How can we foster dignity in those we serve? I offer three ways to shape our attitudes and actions.

Focus on the Individual. It is looking past the “story” of the disease or condition. A person’s point of view, physical, emotional, or cognitive state changes many times over a lifetime. However, the individual exists through all these changes. Many think of old people as “former people” but each is still who they have always been. Pay attention to the person inside. I’m saddened when a resident’s room has no personal belongings, as opposed to someone whose room is full of things reflecting what’s important to them. Encouraging individual expression in the resident’s living space helps us to relate to them as a person.

Watch Your Language. Words matter and shape our attitudes, beliefs, and even actions. Some words used in long term care are cringe-worthy. At the top of my list is “lockdown” to describe a secure memory care unit or neighborhood.  I’ve heard staff and family members say it. “She needs to be in lockdown.” The definition of lockdown refers to the confinement of prisoners and an emergency measure because of a threat. It’s hardly fitting for people living with cognitive impairment needing a secure, supportive environment! Karen Schoeneman offers suggestions for changing the language of long term care to one that is more respectful.

Convey a Positive Tone of Care. Balancing proficiency in our skills with the human side of care isn’t easy. A study of elders’ perceptions of caring behaviors revealed that technical competency, combined with caring expressions of empathy, most conveyed dignity-conserving caregiving.

With this in mind, I try to act from the belief that our elders deserve to live a life with dignity. Some days, I succeed more than others. What do you think is essential in fostering a sense of dignity in those you serve?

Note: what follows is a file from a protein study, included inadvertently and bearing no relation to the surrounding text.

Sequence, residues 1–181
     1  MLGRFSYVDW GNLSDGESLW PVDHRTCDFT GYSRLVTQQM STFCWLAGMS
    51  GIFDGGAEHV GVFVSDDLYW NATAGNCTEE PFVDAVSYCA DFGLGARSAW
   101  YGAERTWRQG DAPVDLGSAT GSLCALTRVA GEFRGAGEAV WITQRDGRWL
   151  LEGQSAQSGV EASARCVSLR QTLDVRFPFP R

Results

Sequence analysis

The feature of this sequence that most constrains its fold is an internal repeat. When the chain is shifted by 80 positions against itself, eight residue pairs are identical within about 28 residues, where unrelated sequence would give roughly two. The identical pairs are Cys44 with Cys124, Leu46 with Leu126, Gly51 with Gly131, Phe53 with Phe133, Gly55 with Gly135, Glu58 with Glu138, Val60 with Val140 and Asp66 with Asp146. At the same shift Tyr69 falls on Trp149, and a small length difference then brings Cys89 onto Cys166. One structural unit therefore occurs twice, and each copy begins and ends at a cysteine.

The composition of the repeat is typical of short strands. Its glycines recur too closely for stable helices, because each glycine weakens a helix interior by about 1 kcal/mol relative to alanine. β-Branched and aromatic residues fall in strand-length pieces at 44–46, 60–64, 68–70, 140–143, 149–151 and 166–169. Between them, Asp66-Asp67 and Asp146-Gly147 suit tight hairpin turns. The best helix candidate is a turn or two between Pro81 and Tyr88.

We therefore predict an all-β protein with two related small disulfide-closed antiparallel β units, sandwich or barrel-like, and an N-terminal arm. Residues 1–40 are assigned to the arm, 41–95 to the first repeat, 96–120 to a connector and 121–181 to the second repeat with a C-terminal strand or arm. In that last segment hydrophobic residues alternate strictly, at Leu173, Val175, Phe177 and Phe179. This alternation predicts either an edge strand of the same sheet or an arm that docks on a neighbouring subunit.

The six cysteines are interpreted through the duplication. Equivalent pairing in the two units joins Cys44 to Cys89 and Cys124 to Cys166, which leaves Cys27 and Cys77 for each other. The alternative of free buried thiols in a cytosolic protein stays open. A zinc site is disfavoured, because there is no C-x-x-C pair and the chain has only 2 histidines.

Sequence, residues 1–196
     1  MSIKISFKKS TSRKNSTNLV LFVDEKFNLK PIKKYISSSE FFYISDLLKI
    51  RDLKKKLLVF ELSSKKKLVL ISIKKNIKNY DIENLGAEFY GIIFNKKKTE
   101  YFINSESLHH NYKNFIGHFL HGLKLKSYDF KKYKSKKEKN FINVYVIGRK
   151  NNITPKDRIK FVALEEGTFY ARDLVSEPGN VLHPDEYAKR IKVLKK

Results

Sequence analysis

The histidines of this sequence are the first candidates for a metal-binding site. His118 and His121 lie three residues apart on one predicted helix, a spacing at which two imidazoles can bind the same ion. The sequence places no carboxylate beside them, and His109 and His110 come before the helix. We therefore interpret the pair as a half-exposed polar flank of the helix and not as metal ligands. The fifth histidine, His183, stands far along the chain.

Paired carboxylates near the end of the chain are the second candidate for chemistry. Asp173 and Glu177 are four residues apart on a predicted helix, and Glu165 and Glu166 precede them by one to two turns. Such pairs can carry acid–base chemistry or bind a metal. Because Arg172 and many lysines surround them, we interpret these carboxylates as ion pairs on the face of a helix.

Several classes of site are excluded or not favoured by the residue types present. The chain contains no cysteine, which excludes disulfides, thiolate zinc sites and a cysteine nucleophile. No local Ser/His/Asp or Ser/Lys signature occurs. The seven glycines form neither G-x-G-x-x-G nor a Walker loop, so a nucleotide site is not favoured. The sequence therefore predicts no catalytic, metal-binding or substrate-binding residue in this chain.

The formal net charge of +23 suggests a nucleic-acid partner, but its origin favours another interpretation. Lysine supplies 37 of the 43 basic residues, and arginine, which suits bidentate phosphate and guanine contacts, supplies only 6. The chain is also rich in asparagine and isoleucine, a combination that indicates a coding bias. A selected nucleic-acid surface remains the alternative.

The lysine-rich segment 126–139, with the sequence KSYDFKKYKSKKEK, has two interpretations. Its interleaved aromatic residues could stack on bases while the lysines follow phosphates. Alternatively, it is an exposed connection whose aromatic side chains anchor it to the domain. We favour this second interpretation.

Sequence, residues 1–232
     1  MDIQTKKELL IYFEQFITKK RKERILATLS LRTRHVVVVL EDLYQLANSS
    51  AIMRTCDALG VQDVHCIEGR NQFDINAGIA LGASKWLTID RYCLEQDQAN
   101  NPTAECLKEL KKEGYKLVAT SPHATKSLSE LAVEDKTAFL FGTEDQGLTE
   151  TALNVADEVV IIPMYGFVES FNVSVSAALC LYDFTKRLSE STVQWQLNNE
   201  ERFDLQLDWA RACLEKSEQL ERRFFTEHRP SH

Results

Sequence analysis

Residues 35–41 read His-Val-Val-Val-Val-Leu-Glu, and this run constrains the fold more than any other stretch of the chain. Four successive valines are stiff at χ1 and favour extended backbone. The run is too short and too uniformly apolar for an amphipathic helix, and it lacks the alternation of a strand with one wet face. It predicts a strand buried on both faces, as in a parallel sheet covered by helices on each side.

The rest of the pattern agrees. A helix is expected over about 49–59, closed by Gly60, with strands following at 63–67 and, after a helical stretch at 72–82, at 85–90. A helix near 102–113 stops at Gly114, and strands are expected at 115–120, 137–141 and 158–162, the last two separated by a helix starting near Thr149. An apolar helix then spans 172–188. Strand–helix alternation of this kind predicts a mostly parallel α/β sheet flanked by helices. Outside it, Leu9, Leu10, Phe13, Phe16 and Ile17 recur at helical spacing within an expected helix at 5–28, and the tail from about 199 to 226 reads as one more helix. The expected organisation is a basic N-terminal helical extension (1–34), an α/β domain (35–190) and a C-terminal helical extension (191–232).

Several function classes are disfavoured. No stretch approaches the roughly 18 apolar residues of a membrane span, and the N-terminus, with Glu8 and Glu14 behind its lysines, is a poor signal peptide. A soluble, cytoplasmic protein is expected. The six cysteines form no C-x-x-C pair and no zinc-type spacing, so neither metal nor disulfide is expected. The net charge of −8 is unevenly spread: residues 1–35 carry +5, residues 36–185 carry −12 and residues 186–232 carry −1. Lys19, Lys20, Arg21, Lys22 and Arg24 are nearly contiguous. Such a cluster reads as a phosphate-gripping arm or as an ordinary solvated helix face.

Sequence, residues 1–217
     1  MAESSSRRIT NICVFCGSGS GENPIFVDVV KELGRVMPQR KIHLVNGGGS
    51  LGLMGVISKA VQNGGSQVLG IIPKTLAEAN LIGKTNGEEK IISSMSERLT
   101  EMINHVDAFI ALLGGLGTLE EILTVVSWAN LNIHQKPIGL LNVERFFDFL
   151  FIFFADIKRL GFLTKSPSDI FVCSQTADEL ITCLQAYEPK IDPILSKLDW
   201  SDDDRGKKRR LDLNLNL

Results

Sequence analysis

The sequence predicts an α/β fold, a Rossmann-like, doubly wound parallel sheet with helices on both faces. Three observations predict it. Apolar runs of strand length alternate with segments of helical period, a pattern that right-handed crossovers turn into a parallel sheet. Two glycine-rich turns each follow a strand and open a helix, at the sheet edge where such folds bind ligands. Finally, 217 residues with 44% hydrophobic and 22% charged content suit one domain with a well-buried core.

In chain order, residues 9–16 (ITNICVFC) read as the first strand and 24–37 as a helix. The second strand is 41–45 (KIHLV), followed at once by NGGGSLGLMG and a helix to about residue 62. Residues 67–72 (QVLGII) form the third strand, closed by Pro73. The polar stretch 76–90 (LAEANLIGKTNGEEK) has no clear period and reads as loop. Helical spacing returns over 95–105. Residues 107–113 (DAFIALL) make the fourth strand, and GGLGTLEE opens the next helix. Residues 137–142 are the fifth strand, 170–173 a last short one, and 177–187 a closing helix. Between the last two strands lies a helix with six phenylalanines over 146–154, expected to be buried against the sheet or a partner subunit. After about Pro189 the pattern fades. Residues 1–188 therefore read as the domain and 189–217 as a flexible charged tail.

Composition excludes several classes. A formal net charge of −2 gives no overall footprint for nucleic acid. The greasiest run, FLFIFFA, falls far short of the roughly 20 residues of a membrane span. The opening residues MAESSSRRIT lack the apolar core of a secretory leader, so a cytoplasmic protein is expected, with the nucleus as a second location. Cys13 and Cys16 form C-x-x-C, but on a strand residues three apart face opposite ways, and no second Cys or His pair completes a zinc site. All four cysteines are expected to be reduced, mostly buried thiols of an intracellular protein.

Ann Catlin, OTR, LMT: For twenty years, Ann led in the field of skilled touch in eldercare and hospice. She has nearly forty years’ clinical experience as an occupational and massage therapist. She created Age-u-cate’s Compassionate Touch program and serves as a Master Trainer and training consultant.

 

How to Prevent People in Nursing Homes from Becoming Invisible?

People in care can often feel invisible.

People living in nursing homes become “invisible” when they are regarded as feeble-minded and lacking in the ability to contribute to society in a meaningful way.

I once met a man named Frank, who lived in a skilled nursing facility, and his memory still haunts me. I noticed him because he wasn’t particularly old, and he was tall and muscular. He was sitting in a corner in the hallway near the nurses’ station. By his appearance, it seemed he had suffered a stroke.   The following day I noticed Frank sitting in the same spot– for hours, just sitting there.  He had no real interaction with anyone and pushed restlessly on the wheelchair footrests. He couldn’t propel the wheelchair himself. Lots of people passed by, but no one paid him much mind. To me, he seemed lonely, frustrated, and, yes, invisible.

I felt drawn to offer him a Compassionate Touch. I pulled up a chair introducing myself. He immediately looked me in the eye. He had trouble with language, but he could, with effort, carry on a conversation. A Vietnam veteran, Frank grew up in Illinois. He believed his age to be 37, moreover, other signs of confusion were there, too.  I held his stroke-affected hand. He was receptive to the touch. I gently rubbed his shoulders and back, and he told me it felt good.